• Peer Pioneers - A new world: Get your mass collaboration road map set (December 26, 2006): "So pervasive and enduring has the hierarchical mode of organization been that most people assume that there are no viable alternatives. That is, until a new generation of user-friendly collaboration tools unleashed a new force on the world. It's like someone uncorked the bottle of human ingenuity. Empowered by the growing accessibility of information technologies, millions of people already join forces in self-organized collaborations that produce dynamic new goods and services that rival those of the world's largest and best-financed enterprises. Though it is unlikely that hierarchies will disappear in the foreseeable future, it's clear that the traditional business enterprise is no longer the sole engine of wealth creation in the economy."
  • Ideagoras - Web's greatest asset: A new marketplace for ideas (December 27, 2006): "The late-19th century chemist and microbiologist Louis Pasteur famously said that chance favours the prepared mind. The same could be said of innovation. Companies face tough dilemmas every day for which there is a uniquely prepared mind somewhere in the world that possesses the right combination of expertise and experience to solve that problem. Conventional wisdom says firms should seek to hire such people and retain them within their boundaries. After all, such uniquely prepared minds outside your company can be illusive. But today, thanks to the Web, a new marketplace for ideas, innovations, and uniquely qualified minds is changing everything."
  • Prosumers - 'Second Life' is a signpost for the future: Fabricated online environment an exciting, long-term engine of change, innovation (December 28, 2006): "In 1999, Philip Rosedale invented a business that most of us would only dream of. The peculiar part is that in Rosedale's business, customers do 99 per cent of the work. His 'product' is a massively multiplayer online game (MMOG, for short) called Second Life, a fascinating world where more than 400,000 participants socialize, entertain and transact in a virtual environment fabricated almost entirely by its users... Some analysts have written about Second Life -- but all have missed the most important point. Players like Anshe Chung and indeed all players in Second Life, are not just consumers of game content; they are at once developers, community members and entrepreneurs. This means Second Life is no typical 'product,' and it's not even a typical video game. It's created almost entirely by its customers -- you could say the consumers are also the producers, or the 'prosumers'. "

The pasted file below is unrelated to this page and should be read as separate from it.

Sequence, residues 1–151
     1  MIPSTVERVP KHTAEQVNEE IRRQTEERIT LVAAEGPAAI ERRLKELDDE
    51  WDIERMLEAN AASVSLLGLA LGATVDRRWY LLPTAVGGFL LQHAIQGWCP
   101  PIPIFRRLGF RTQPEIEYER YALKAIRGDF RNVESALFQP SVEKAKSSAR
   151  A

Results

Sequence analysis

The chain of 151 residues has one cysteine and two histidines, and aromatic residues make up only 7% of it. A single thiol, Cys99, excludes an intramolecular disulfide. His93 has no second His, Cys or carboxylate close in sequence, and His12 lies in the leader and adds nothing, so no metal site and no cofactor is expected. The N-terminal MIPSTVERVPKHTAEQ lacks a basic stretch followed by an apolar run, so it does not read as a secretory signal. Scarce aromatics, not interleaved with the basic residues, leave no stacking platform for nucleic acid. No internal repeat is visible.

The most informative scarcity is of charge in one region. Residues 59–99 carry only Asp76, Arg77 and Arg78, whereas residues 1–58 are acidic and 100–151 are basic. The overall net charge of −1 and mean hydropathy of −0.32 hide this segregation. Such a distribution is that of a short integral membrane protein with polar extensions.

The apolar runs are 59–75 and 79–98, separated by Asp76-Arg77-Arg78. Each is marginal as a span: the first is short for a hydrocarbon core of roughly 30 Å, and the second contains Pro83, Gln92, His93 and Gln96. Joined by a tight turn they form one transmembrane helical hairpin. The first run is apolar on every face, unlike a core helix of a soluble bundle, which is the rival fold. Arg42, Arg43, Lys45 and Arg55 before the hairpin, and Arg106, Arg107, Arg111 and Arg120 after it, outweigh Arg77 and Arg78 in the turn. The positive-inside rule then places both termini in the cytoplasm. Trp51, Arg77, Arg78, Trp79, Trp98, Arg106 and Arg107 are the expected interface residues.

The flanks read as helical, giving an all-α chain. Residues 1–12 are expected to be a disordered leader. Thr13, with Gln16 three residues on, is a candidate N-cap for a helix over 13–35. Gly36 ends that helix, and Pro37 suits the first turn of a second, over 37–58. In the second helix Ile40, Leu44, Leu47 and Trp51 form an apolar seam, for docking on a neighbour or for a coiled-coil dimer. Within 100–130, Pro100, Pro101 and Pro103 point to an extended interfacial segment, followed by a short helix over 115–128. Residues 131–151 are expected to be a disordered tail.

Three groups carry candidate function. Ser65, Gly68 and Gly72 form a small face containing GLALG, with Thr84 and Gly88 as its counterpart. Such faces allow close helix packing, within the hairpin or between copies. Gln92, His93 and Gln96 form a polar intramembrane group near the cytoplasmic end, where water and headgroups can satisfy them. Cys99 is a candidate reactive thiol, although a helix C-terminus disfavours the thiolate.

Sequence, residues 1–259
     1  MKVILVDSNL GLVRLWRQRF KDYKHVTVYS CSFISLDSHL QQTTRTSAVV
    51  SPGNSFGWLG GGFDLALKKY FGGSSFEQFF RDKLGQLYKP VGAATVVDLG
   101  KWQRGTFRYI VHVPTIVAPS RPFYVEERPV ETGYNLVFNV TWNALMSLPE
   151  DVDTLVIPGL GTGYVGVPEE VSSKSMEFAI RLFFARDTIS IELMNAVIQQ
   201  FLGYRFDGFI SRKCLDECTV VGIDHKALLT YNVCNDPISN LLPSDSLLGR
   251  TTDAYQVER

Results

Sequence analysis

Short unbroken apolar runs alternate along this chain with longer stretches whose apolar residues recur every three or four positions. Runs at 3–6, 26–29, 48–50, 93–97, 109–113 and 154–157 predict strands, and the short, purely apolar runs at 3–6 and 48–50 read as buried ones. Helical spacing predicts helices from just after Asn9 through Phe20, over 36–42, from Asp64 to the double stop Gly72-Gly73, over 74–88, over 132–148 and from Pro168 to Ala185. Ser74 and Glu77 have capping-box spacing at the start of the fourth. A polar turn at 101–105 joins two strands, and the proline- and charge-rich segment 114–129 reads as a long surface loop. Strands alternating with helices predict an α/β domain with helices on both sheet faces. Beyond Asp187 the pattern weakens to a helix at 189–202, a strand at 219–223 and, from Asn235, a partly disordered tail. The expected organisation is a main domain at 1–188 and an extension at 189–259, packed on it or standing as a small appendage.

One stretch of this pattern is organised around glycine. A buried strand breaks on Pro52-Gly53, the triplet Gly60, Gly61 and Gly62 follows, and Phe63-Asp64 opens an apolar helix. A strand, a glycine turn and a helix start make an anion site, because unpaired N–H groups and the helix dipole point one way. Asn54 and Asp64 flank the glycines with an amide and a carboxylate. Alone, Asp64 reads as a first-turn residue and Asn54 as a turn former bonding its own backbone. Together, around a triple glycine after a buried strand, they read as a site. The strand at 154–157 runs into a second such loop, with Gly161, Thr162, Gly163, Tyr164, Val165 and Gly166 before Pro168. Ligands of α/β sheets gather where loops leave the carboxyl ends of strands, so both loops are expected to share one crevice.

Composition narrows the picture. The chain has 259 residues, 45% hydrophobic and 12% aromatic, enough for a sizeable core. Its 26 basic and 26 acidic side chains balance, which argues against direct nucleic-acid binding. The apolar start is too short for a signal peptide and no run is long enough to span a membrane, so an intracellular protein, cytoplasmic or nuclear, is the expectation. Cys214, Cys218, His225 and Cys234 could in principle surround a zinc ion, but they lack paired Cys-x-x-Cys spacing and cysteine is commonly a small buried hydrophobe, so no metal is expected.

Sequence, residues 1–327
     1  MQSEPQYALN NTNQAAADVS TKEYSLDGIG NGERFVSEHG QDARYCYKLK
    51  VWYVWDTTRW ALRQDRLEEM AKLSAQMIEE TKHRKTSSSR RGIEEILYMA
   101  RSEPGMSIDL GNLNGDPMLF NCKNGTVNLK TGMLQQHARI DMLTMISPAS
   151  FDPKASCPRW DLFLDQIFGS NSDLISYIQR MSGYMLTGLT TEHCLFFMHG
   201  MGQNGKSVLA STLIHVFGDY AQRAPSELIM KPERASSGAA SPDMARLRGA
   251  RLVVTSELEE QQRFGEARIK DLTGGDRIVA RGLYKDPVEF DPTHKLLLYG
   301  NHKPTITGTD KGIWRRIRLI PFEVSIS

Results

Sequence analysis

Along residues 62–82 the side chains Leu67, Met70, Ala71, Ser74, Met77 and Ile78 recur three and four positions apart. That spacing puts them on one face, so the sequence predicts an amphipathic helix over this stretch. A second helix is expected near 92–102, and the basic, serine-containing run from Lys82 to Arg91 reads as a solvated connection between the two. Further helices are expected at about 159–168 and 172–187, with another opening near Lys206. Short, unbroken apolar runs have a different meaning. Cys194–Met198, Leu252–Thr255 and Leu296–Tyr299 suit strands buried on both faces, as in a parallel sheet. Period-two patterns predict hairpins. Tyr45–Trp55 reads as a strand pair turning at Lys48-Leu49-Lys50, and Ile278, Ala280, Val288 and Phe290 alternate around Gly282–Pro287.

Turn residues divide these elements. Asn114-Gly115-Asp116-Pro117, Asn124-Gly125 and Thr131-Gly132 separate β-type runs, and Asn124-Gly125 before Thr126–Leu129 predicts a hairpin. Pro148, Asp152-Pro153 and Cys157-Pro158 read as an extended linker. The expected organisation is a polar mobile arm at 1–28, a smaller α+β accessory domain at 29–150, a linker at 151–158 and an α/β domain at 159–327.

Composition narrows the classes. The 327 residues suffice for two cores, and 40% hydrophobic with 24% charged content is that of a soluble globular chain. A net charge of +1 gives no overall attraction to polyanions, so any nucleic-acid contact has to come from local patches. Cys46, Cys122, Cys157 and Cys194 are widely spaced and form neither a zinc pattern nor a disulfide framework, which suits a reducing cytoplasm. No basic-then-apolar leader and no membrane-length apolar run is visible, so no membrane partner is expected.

• The New Alexandrians - Lessons learned from the ancient Greeks (December 29, 2006): "The Alexandrian Greeks were inspired by a simple, but powerful idea: Collect all of the books, all of the histories, all of the great literature, all of the plays, all of the mathematical and scientific treatises of the age and store them in one building. In other words, take the sum of mankind's knowledge and share it for the betterment of science, the arts, wealth, and the economy. The Alexandrians came very, very close to achieving that goal. At the collection's crowning glory, estimates suggest they had accumulated more than half a million volumes."
  • Platforms for Innovation - Smart companies lay their cards on the table (December 30, 2006): "Conventional wisdom says that 'being open' is rather like inviting your competitor into your home only to have them steal your lunch. But in an economy where innovation is fast, fluid, and distributed, conventional wisdom is being challenged. A growing number of smart companies are learning that openness is a force for growth and competitiveness. As long as you're smart about how and when, you can blow open the windows and unlock the doors to build vast business ecosystems on top of what we call 'platforms for innovation'."
  • The Global Plant Floor - China's motorbike industry's decentralized model holds lessons for all manufacturers (January 1, 2007): "The characteristics that make the Chinese motorcycle industry competitive also make for a particularly fascinating tale of how mass collaboration has the potential to reshape even the most stodgy manufacturing firms. Unlike traditional manufacturing industries, where tightly regimented production hierarchies spit out end products under the command of a single leader, the Chinese motorcycle industry consists of hundreds of different companies that collaborate on motorcycle design and manufacturing. "